We’re all headed towards information burn out

You most likely spend more time online than sleeping. People spend an average of 2 hours and 53 minutes on social media, 4 hours and 35 minutes watching video or television and 2 hours and 15 minutes browsing the internet. Adults are spending 8 hours a day consuming media — online and offline.

300 hours of worth of video are uploaded to Youtube every minute. Facebook is looking to invest in original television content this year. If you were to estimate that there is 100,000 hours worth of content on Netflix (say 50,000 shows at 2 hours each), it would take you 11 and a half years to watch them all (and that includes no sleep!). With Netflix eyeing 700 original series in 2018, there is going to be no let up in the high quality content available to consumers.

Content is infinite. But there is one thing that does stand in your way: a shortage of life. There are still 24 hours in a day. In order to survive, people still need to feed themselves, make money, find love, socialise, maintain basic personal hygiene and sleep. Some even have the responsibility of raising kids.

But even these elements are beginning to coalesce on a screen. It’s easier to maintain friendships on a screen by liking a friend’s photo, swiping through dozens of attractive photos on an app or babysitting with an iPad. There is a tech solution for everything. Speed everything up, do more, feel busy, accomplish a thousand tiny tasks a day. Have the illusion that you’re being productive, while feeling guilty about not being productive enough (because there is always always more to do and more to consume).

And so we need to squeeze more things into the few moments we have: check the news while watching Netflix. Check our Instagram while queuing for coffee. Spend every spare moment (when the itch begins to burn) to check our notifications, stuff ourselves with images, micro-news, entertainment, take photos and publish posts on social media.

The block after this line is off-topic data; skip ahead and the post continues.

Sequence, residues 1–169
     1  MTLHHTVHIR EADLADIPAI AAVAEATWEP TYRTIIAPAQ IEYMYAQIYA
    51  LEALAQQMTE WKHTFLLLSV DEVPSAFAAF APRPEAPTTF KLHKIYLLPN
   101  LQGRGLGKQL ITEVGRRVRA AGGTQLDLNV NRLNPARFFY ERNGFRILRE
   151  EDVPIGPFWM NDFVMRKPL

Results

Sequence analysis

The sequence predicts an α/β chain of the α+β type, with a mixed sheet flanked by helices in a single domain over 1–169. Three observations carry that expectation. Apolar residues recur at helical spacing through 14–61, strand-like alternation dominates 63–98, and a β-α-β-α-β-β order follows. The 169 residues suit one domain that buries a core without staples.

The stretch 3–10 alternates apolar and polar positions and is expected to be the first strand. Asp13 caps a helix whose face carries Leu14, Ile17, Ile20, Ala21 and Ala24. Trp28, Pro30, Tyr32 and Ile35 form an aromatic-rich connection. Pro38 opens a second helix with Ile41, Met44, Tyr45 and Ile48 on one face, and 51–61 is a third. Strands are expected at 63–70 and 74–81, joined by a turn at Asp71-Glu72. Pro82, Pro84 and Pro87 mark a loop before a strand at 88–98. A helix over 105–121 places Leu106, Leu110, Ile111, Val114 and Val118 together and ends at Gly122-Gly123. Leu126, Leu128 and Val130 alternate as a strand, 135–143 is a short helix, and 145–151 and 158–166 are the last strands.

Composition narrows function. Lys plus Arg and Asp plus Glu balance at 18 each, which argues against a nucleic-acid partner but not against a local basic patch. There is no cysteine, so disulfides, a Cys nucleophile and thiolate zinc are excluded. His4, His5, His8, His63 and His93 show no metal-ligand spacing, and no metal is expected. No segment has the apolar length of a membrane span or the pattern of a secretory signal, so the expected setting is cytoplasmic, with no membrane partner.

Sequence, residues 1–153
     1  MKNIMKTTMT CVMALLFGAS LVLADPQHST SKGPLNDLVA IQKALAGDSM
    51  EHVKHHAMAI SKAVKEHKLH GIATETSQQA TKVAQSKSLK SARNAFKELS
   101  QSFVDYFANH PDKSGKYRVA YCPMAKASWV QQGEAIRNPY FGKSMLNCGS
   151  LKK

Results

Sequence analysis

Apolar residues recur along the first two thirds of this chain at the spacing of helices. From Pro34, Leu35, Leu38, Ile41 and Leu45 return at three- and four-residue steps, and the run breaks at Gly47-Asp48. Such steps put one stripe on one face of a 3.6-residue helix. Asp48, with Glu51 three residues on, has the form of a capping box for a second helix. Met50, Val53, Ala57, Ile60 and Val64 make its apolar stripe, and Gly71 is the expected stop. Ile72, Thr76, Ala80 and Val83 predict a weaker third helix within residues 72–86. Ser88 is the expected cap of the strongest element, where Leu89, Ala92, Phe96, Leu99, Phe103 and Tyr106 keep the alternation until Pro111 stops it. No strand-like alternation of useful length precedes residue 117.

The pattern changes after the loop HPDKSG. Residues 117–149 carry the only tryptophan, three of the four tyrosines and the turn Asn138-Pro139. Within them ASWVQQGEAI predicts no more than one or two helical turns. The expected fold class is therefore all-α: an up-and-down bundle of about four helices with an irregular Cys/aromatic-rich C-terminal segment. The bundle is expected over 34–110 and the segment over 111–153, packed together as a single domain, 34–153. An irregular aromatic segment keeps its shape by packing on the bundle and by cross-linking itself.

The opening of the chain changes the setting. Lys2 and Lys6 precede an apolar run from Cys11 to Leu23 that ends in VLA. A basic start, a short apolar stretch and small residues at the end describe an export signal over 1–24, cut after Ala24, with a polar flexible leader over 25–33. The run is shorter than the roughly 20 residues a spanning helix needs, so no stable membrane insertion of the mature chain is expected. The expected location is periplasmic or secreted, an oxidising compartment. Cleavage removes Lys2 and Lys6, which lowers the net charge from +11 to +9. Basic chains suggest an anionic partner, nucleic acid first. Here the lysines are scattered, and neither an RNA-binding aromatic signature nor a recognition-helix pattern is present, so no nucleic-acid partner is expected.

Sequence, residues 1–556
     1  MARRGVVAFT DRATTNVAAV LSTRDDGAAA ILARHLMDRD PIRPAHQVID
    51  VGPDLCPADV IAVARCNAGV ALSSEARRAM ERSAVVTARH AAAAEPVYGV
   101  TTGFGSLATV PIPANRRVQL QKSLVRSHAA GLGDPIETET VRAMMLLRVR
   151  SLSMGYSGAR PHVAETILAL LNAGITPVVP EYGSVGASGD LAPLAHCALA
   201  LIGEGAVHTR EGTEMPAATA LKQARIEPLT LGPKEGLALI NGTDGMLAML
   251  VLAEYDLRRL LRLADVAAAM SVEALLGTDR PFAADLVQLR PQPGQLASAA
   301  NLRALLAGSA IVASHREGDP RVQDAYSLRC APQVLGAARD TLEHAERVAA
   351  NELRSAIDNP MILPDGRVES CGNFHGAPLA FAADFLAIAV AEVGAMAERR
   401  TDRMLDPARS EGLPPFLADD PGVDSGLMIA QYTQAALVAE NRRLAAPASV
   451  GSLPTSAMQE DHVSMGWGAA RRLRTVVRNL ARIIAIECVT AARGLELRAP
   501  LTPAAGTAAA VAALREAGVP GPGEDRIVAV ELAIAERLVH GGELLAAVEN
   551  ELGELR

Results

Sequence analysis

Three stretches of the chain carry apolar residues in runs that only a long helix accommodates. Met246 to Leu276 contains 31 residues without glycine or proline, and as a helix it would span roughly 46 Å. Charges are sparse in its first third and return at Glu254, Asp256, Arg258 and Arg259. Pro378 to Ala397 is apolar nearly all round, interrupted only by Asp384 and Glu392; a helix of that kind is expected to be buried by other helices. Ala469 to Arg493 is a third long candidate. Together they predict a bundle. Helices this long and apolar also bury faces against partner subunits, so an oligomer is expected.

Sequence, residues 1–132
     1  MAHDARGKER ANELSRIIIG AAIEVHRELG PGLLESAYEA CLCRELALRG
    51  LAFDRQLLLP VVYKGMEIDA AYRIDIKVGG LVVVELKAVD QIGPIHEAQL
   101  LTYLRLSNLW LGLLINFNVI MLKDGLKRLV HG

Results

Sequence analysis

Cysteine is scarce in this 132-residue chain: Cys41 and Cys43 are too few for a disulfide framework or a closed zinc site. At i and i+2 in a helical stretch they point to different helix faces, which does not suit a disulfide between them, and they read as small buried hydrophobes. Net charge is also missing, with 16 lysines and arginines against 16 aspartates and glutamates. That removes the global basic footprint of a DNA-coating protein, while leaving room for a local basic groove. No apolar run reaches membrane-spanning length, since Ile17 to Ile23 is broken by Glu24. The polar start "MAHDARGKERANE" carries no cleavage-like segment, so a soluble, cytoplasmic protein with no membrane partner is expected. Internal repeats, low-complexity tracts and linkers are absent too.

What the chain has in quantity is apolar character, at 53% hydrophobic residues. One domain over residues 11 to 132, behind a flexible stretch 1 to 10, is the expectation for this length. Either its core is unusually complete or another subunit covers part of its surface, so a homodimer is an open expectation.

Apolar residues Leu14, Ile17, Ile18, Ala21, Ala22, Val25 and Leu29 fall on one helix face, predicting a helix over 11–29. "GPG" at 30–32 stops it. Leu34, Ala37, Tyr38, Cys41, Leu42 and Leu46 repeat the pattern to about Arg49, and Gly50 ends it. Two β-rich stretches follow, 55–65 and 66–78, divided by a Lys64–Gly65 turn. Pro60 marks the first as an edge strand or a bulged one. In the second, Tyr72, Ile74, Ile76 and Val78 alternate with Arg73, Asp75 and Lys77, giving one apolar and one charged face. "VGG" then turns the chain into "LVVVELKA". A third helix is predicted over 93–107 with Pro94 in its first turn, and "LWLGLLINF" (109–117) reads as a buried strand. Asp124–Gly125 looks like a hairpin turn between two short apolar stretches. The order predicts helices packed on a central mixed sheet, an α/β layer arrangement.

To make things worse, our work lives bleed into our personal lives, so we have to check our work emails on the train, just before we go to bed, just in case. We have to nurture a ‘personal brand’ on social media platforms to show our proactivity to current and future employers. We no longer leave our work at the office, it comes with us everywhere — on our commute home, in bed, while meeting up with friends.

As a result of there being more things to consume, to burn through, to keep up with, to not miss out on, to squeeze more into the few moments of our inconveniently time-bound lives, we are compelled to do more things at once.

We scroll through Facebook while watching Netflix. We watch another episode of a television series instead of going to bed. We check our email between waking up and brushing our teeth. We scroll through the news while eating breakfast. Any time wasted, unused, feels uncomfortable, horrible.

According to neuroscientist Daniel J. Levitin:

“the kind of rapid, continual shifting we do with multitasking causes the brain to burn through fuel so quickly that we feel exhausted and disoriented after even a short time. We’ve literally depleted the nutrients in our brain. This leads to compromises in both cognitive and physical performance. Among other things, repeated task switching leads to anxiety, which raises levels of the stress hormone cortisol in the brain, which in turn can lead to aggressive and impulsive behaviour.”

The rhythms we’re living at, for work and leisure, make us feel more stressed and out of control. So we need more comfort. And our default way of comforting ourselves is by checking our phones, scrolling through more beauty on Instagram, watching more Netflix.

Our impulse-control has been eroded because we’ve “depleted the nutrients in our brain”, so we give into our compulsions to check our notifications, even though we know they’re going to be irrelevant anyway.

No wonder we’re exhausted. No wonder we’re stressed. It’s because we’re all headed towards information burnout, and are less capable than ever of fighting it, because everyone else is too.

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